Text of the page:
This tutorial recommends tips and techniques for using National Instruments high-speed digitizers to build the most effective data sampling system possible. In this tutorial, you will learn fundamental information about the underlying theory of sampling with a high-speed digitizer and various methods to optimize the performance of your data sampling. This section of the tutorial covers the topics below.
Record length refers to the amount of memory dedicated to storing digitized samples for postprocessing or display for a single acquisition. In a digitizer, record length limits the maximum duration of a single-shot acquisition. For example, with a 1,000-sample record and a sample rate of 20 MHz, the duration of the acquisition is 50 µs (the number of points multiplied by the acquisition time per sample, or 1,000 x 50 ns). With a 100,000-sample record and a sample rate of 20 MHz, the duration of acquisition is 5 ms (100,000 x 50 ns).
In many cases, measurement quality depends on the digitizer's ability to take a sustained acquisition while maintaining high sampling rates. In these cases, the amount of acquisition memory determines the fidelity of the acquired signal. High-speed digitizers with deep onboard acquisition memory have the ability to take enhanced time and frequency-domain measurements.
Vertical range is the peak-to-peak voltage span that a digitizer can measure at the input connector. Most digitizers have several choices for vertical range.
Vertical offset is the voltage the vertical range is centered on. Vertical offset positions a waveform around a DC value. Using this offset allows you to examine small changes in the input signal, which can improve the accuracy of your measurement.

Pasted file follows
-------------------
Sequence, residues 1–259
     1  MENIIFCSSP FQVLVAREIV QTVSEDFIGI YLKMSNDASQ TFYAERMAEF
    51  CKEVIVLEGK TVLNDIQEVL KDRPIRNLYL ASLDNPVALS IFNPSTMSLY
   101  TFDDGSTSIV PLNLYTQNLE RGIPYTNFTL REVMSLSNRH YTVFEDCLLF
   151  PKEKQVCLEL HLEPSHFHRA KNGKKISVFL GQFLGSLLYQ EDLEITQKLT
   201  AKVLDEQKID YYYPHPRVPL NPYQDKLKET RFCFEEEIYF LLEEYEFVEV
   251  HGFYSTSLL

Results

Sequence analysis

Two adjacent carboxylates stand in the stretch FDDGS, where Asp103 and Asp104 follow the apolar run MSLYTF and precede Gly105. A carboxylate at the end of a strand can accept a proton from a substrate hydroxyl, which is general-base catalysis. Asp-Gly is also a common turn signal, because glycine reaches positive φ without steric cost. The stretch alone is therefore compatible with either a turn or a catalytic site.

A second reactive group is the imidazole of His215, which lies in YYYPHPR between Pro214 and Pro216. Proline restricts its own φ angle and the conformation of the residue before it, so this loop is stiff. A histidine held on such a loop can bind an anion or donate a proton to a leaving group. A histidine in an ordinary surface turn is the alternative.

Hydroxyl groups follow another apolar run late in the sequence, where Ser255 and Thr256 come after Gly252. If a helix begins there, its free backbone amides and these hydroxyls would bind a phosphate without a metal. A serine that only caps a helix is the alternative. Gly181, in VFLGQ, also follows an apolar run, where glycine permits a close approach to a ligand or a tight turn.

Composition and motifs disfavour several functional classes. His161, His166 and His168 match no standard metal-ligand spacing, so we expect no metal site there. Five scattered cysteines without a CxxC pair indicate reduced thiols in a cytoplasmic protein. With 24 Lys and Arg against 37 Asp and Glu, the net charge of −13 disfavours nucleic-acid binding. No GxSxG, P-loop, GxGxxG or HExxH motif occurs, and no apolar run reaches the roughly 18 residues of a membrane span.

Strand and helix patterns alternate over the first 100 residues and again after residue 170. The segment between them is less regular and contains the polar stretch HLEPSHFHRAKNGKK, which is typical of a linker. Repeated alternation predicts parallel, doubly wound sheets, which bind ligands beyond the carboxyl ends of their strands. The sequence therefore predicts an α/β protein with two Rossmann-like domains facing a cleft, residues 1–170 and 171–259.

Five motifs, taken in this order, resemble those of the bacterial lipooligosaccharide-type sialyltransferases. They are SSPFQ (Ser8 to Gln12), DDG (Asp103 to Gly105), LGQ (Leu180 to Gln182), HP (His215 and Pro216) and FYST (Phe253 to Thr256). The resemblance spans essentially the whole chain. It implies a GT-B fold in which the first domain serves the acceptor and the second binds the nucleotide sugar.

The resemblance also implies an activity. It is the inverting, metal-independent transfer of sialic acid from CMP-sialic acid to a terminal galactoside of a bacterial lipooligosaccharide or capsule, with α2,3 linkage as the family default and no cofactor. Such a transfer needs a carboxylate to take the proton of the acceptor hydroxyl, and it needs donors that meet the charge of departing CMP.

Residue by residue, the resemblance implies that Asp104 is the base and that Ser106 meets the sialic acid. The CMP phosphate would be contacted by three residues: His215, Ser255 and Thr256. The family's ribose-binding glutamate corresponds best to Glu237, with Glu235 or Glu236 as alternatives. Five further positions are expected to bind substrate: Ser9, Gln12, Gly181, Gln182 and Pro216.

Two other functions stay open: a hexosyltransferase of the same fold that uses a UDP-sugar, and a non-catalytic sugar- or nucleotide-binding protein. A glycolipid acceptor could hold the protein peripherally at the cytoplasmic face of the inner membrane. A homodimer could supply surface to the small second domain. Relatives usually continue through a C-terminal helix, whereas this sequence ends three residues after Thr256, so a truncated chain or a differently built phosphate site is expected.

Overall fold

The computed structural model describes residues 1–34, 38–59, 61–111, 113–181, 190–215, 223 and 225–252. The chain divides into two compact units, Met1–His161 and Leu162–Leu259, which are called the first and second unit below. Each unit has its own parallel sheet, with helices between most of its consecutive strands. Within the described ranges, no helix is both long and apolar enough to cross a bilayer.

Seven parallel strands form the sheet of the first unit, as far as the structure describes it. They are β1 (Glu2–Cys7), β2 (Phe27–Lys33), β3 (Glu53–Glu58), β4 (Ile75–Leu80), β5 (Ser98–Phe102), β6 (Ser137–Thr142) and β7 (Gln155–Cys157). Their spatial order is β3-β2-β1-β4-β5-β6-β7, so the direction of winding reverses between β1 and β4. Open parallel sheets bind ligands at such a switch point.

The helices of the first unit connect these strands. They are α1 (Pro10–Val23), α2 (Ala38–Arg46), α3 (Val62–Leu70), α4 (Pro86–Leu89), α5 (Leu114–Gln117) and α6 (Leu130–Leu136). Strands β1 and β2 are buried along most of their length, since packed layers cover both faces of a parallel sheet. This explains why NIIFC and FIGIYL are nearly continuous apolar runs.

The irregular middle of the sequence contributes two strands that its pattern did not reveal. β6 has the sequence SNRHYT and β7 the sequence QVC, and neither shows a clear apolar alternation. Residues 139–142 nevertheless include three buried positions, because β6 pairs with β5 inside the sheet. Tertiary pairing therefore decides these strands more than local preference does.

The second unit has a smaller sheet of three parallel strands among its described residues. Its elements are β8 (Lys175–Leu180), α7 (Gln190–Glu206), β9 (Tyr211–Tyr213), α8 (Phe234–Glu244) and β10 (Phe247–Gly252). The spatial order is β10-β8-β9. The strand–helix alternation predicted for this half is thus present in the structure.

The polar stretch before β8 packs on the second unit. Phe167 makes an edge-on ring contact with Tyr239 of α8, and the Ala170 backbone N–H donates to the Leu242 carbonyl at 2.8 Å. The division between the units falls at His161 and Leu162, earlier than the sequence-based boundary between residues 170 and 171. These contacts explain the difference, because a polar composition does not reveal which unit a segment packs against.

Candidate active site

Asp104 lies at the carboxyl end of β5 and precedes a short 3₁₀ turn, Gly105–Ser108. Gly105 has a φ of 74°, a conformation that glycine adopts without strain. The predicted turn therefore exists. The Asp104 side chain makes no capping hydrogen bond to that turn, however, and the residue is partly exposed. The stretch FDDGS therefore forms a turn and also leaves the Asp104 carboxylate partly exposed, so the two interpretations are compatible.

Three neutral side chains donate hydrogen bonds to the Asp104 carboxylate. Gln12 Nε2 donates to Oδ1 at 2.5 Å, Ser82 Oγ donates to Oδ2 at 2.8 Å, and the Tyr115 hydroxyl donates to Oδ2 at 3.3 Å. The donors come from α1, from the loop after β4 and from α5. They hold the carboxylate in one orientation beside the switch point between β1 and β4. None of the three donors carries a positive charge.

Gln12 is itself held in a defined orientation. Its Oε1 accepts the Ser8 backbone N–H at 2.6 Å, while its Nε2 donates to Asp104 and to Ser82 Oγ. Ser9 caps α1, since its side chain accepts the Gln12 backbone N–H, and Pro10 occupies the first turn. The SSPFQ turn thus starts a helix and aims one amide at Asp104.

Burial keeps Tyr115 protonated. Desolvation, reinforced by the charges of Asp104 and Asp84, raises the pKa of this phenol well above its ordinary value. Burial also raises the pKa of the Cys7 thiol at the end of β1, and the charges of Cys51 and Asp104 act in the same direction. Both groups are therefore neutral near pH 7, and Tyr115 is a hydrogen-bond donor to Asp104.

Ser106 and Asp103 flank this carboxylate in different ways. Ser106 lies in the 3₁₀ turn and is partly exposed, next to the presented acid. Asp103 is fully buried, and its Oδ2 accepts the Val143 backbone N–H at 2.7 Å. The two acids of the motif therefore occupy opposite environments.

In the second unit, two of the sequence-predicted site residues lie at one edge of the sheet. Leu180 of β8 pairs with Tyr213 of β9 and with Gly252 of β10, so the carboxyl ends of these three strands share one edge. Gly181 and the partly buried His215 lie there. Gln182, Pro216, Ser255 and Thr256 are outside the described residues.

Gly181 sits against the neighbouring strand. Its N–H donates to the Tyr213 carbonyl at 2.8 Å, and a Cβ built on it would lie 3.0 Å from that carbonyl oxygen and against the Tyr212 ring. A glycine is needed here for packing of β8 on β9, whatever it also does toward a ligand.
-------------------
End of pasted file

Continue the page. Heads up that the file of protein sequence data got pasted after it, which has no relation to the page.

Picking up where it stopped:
For example, imagine that you are acquiring the waveform shown in Figure 1 that outputs 0.75 V to 1.25 V. Without using vertical offset, you would need to specify a range of 2.5 V (±1.25 V) to capture the waveform. However, with vertical offset, you would only need to specify a range of 0.5 V (1.25 V - 0.75 V).
Figure 1. AC coupling will remove any DC offset of a signal allowing you to use a smaller vertical range and collect higher resolution data.
On many digitizers, you can configure the input channels to be DC coupled, AC coupled, or GND coupled. DC coupling allows DC and low-frequency components of a signal to pass through without attenuation. In contrast, AC coupling removes DC offsets and attenuates low frequency components of a signal. Activating AC coupling inserts a capacitor in series with the input. This feature can be exploited to zoom in on AC signals with large DC offsets, such as switching noise on a 12 V power supply. GND coupling disconnects the input and internally connects the channel to ground to provide a ground, zero-voltage reference.
Refer to the specifications for your specific digitizer for input limits that must be observed regardless of coupling.